See the links below. Or go to my recent article "NYC and hydrocolloids' or my old article "Molecular Gastronomy" in the archives for an overview and my first experience with it (although it is now pretty outdated). In thosedays,it was more about using science to think about food (breaking down old myths) than using technology or lab techniques to create new dishes as it is now. There were no accessible tomes like those of Achatz and Blumenthal on the market. There was Ferran Adria the groundbreaking chef and his foam, shortly after there was Wylie and his off the wall cuisine in NYC, and there were two scientist dudes in the public domain explaining the science behind our century old ways,oneFrench - Hervé This, the other English, Harold McGee. Both are dynamic and easy to follow. Their books are still relevant and a good starting point. On Food and Cooking by Harold McGee is one of my favorite books of all time, and it provided the perfect transition for me from the world of science to that of cookng.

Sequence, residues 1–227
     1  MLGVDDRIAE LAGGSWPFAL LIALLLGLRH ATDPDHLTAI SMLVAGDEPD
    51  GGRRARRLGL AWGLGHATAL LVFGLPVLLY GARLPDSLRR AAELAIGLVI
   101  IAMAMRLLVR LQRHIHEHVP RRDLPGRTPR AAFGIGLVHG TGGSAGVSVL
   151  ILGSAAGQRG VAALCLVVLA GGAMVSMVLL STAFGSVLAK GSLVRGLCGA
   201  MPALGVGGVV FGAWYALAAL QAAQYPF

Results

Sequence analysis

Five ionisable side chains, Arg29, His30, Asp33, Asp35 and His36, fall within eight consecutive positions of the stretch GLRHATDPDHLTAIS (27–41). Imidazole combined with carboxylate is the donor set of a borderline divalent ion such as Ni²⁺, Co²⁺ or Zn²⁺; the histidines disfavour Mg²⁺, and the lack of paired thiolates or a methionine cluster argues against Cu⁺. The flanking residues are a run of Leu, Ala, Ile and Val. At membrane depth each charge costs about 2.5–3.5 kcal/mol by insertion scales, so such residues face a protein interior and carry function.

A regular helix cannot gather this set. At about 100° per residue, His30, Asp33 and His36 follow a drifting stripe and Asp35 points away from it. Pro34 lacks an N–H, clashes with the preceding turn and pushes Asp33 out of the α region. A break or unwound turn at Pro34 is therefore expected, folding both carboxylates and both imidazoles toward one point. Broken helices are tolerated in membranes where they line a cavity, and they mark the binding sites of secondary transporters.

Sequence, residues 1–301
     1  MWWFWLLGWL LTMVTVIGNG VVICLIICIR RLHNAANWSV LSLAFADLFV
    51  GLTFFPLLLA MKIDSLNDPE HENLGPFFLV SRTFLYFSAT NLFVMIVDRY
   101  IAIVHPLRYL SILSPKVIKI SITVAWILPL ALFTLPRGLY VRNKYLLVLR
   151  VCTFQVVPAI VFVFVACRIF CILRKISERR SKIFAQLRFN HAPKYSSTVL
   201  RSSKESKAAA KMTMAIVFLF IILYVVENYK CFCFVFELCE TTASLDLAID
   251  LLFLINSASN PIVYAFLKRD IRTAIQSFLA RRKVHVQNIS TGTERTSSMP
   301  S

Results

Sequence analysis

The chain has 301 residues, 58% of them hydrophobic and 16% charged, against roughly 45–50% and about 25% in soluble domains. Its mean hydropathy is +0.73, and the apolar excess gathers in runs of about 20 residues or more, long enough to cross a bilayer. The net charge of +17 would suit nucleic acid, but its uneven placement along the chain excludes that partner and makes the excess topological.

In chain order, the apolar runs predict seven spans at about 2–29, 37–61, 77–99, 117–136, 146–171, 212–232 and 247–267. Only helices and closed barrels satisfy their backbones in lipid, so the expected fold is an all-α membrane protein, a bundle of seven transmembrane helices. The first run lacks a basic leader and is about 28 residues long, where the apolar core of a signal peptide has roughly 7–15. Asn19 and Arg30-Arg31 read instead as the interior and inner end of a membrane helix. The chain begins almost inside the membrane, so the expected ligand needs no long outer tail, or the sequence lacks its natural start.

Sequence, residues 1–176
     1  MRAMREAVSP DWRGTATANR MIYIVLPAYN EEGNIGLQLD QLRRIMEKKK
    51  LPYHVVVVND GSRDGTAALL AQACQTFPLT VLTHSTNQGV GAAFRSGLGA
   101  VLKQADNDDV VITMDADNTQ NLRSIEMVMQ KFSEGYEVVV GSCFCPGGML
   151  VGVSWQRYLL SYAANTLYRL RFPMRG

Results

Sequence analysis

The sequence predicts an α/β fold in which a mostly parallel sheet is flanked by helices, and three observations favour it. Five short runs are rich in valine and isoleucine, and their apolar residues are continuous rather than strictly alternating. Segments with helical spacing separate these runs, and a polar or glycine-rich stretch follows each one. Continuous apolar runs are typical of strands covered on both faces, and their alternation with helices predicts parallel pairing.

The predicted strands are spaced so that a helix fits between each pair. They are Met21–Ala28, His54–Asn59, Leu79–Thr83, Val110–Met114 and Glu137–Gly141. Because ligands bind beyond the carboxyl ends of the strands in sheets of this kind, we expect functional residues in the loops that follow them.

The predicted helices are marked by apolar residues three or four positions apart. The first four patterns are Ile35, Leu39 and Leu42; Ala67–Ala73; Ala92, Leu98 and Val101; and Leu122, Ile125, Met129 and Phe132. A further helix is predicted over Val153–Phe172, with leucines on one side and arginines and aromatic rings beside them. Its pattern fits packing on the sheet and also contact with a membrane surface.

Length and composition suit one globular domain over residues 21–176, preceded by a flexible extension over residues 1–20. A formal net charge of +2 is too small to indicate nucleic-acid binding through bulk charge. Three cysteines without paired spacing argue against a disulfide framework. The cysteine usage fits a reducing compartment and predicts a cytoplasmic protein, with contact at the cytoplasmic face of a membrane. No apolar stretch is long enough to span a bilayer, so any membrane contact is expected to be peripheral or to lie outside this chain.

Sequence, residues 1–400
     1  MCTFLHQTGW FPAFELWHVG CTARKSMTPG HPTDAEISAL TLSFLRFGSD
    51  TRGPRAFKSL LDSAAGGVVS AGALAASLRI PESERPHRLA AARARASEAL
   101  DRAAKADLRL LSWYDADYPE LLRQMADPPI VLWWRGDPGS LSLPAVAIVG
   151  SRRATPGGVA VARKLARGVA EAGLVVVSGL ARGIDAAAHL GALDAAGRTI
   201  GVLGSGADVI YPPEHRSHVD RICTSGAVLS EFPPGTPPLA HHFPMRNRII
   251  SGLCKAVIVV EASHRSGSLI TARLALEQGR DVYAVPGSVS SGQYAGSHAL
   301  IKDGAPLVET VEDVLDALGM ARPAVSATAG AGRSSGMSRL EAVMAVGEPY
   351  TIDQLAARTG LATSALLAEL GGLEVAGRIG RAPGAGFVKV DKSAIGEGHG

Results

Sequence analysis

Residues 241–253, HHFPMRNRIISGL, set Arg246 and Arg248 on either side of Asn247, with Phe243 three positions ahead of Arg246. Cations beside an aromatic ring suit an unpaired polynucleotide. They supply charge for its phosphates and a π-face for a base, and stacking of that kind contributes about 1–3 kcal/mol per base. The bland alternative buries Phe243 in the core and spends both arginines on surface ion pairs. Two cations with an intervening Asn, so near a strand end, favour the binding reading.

Harold McGee

Hervé This www.à, His blog:

For some perspective:

Recent advances in Molecular gastronomy" by Herve This, slides from a presentation in January 2005


A couple of good articles about science in the modern kitchen (more recent):

When Science Sniffs around the Kitchen, by Harold McGee for the New York times:

Chow's Molecular Gastronomy Cheat sheet: A quick view of what's going on, the most popular new trends, chemicals and techniques..


What's going on: the players, the new tools and dishes(2008)


Specific techniques:

More about transglutimase (meat glue)

Willpowder (or Tapioca Maltodextrin) - used to turn fats into powders


Cutting edge,

Other fun food science sites that are more focused on application: